James Allison gives a very thoughtful presentation of what the story of Jesus looks like if we understand that it is we, not God, who are the blood-thirsty ones, in his little article, “Some Thoughts on the Atonement”.
Allison has put some of this material as a Christian education course at http://forgivingvictim.com/. That resource, Jesus the Forgiving Victim, is on my Christmas wish list (hint, hint) because I think re-discovering how the Gospel dethrones violence of the strong to the weak is an important thing Christianity in our day needs to grapple with.
A final resource I would mention on the discussion of the atonement is Tony Jones’ A Better Atonement. This book explores the in’s and out’s of various approaches to this question of why Jesus died.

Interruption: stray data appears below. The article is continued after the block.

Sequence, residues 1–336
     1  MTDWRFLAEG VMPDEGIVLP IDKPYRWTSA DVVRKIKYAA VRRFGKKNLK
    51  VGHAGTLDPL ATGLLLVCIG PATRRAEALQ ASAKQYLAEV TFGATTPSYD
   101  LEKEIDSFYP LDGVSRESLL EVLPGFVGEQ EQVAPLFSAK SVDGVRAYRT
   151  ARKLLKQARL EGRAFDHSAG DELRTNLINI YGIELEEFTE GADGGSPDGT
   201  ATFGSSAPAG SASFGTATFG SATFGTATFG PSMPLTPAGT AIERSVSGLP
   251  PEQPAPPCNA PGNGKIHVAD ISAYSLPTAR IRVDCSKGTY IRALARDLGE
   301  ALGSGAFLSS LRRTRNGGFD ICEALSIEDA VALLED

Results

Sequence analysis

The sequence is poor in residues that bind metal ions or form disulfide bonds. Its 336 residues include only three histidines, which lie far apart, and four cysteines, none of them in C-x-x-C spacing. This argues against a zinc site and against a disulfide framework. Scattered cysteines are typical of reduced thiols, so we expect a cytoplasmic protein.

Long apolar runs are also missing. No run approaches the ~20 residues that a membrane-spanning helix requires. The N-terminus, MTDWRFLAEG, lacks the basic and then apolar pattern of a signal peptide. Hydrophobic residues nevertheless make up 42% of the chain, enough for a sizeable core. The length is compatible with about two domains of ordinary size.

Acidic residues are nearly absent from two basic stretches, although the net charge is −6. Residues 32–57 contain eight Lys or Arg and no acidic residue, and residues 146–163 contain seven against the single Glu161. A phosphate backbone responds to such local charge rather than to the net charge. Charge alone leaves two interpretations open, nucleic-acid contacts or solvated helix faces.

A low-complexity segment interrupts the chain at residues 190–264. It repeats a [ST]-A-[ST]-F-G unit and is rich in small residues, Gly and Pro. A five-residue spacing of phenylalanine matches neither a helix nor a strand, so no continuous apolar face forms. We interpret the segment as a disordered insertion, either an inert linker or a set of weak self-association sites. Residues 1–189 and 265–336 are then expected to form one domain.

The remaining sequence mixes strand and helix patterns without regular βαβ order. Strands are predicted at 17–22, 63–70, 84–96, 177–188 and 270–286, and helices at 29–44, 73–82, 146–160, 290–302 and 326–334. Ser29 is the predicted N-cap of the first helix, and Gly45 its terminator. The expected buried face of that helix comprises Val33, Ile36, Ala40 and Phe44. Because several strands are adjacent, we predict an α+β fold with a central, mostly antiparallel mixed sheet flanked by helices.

My own personal conviction is that the approach that sees in God this drive for a pound of flesh is not just at the heart of some of the mind-crushing legalism so many believers face, but also at the heart of why so many feel they must embrace the slave-holder Christianity mindset I have spoken of before. To feel right with God they feel they must scapegoat some other group, drive them out, sacrifice their humanity. It also I think is at the heart of how easily here in the Dixie-belt we wed our Christianity with calls to warfare or prejudice. It is also why I think too many Christians too quickly are willing to call for warfare against “culture”, against people with different values, or even against people of other faiths. Ultimately we become like what we worship, and if we believe God is out for a pound of our flesh, it is easy to let such an image of God influence us to feel it is OK for us to be out for the pound of flesh of others.